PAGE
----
One might get the impression that this is a tough group of weathered men, unconcerned about acting like animals and eating whole steaks with bare hands. But this would be a mistaken impression. It's true, certainly, that most of us were deeply familiar with grime and toil, often appearing at the Tombstone in sweat soaked clothes, covered with blood and filth and bits of hay. It's true that when your body is pushed to the limits of endurance day in and day out, from dusk through scorching long day until dawn, the strictest matters of basic hygienic manners are set gruffly aside deferring to the immediate needs of the body: water and food and a brief pause to rest before finally attending to the very last matters of the day, like cleaning up after dinner, planning the work of the following day after catching the latest weather update on the short wave radio at the picnic table, closing the guinea hen and pheasant coop to protect them from predating foxes, coons and other predators after dark to ensure all are safely perched within, and at last making grateful peace with our Gods in thanks for another perfect day. No, we are not barbarians. But we live in this manner because it suits us. The challenges of mind and body, the friendships we cherish, the perfect reward of the fruits of our farming and a hundred other projects, the freedom to live contemplatively, deliberately, using all the marvelous gifts of human nature, especially thoughtfulness, gratitude, and kindness, the perfect rest after a simple day of working hard with silence and laughter and joy, the sun smiling on us in the fields, or working through lovely days of summer rain, coon, and wet and clean. All these suit us just fine, a little band of brothers of a common mother, all different, all the same. We are free because we know that come what may, we can live off of this land forever and be perfectly content with a life of labor, and of love. This enough. Enough.
You'll forgive me, dear ones, if I wander in thought. It is an old habit of all those who are quiet and one it would be dishonest to exclude if the truth is to be told, if I am to welcome you as a friend into my world. By now I'm at the picnic table and Darell leans back on the bench, arching and stretching his bare chest, tosses his head back with a jerk to remove a few long curly hairs from his face and as is his custom, welcomes me with "Mornin'," and his warm and friendly smile that seemed to melt the women he knew, or who knew him. To his friends it said something different though. It said "I live by law of the land, I'm king of this world, and you my friend, will never need worry for a thing, so long as you're true." It also said "Stop daydreaming and let's get to work, and laugh at being so fortunate while we break our bodies." It said exactly what radiated from the rest of his 6 feet four inches too: "I'm made for this life and couldn't be happier." Once in a while it said: "My heart is troubled but I won't let it bring me down." Today his smile said "Good to see you, buddy, Ready for some fun?"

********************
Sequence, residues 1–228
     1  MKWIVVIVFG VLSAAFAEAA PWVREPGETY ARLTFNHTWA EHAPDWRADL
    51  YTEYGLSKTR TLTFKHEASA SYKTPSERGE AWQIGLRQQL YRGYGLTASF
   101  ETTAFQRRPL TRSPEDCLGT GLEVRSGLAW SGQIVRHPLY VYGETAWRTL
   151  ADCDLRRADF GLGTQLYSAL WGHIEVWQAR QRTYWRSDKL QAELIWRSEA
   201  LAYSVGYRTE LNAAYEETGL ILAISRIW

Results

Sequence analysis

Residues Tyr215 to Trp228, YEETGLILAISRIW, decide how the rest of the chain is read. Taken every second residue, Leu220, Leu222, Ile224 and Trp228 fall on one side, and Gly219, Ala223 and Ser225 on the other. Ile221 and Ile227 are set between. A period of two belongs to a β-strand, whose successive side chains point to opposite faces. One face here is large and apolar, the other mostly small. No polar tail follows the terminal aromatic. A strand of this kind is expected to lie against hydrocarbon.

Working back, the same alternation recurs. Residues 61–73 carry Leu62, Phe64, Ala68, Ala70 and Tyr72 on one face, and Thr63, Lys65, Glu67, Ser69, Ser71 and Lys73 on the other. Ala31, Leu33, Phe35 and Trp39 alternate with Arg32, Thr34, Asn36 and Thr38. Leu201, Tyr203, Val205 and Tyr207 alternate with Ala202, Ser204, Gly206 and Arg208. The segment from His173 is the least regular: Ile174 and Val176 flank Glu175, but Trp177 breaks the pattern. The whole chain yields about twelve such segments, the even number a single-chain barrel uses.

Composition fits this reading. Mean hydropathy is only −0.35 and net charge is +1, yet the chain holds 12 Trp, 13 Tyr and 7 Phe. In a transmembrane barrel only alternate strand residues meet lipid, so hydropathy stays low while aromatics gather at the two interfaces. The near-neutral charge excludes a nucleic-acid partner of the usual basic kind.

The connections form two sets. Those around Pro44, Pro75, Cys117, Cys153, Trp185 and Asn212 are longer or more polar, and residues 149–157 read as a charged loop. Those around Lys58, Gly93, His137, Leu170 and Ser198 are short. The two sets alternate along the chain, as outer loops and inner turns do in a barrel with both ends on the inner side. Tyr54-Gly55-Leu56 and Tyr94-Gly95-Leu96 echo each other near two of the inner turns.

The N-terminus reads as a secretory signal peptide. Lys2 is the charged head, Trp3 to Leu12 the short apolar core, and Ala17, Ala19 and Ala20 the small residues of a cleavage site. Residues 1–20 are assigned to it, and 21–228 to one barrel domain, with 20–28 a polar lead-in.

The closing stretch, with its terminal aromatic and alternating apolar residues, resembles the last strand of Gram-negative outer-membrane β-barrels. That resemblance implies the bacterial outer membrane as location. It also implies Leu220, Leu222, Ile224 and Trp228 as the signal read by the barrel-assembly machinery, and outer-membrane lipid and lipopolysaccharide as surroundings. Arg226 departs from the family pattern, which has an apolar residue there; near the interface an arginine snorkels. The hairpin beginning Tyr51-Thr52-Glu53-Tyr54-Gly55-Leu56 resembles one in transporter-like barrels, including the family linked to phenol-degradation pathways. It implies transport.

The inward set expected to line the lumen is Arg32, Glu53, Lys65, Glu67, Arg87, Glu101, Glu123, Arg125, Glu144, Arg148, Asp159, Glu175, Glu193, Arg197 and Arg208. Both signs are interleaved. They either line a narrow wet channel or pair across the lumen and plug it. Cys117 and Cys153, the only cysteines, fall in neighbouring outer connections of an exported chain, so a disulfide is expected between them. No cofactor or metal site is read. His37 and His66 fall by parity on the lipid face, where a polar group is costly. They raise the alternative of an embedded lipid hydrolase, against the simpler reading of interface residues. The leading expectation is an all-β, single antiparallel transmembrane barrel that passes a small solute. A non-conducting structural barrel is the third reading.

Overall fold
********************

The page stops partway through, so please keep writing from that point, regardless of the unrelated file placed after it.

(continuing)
I would have hugged him each morning but he wasn't the hugging sort. So I sit down across from him, take out my pouch of American Spirit organic tobacco, a rice paper, and begin to roll a cigarette, waiting to hear what is on Darrell's mind, in his own good time. Neither of us says all that much, unless it's important. We prefer to listen. Our fathers taught us the wisdom in this, sometimes the hard way, behind the wood shed with a switch, metaphorically speaking in my case, but realistically in Darrell's. He is a farmer's son, as was his father, and his father. I am the son of a business executive, the son of a coal miner, who still managed to take ample time to teach me the most valuable lessons of mother nature. I grew up in a small town, he in these mountains. But we knew we were blood brothers when we met, like brothers from some past and forgotten existence now reunited. He wouldn't say it in my decorative manner. His handshake and conversation made his thoughts plain enough to one who listens.
Take care nutters. I've missed this list :)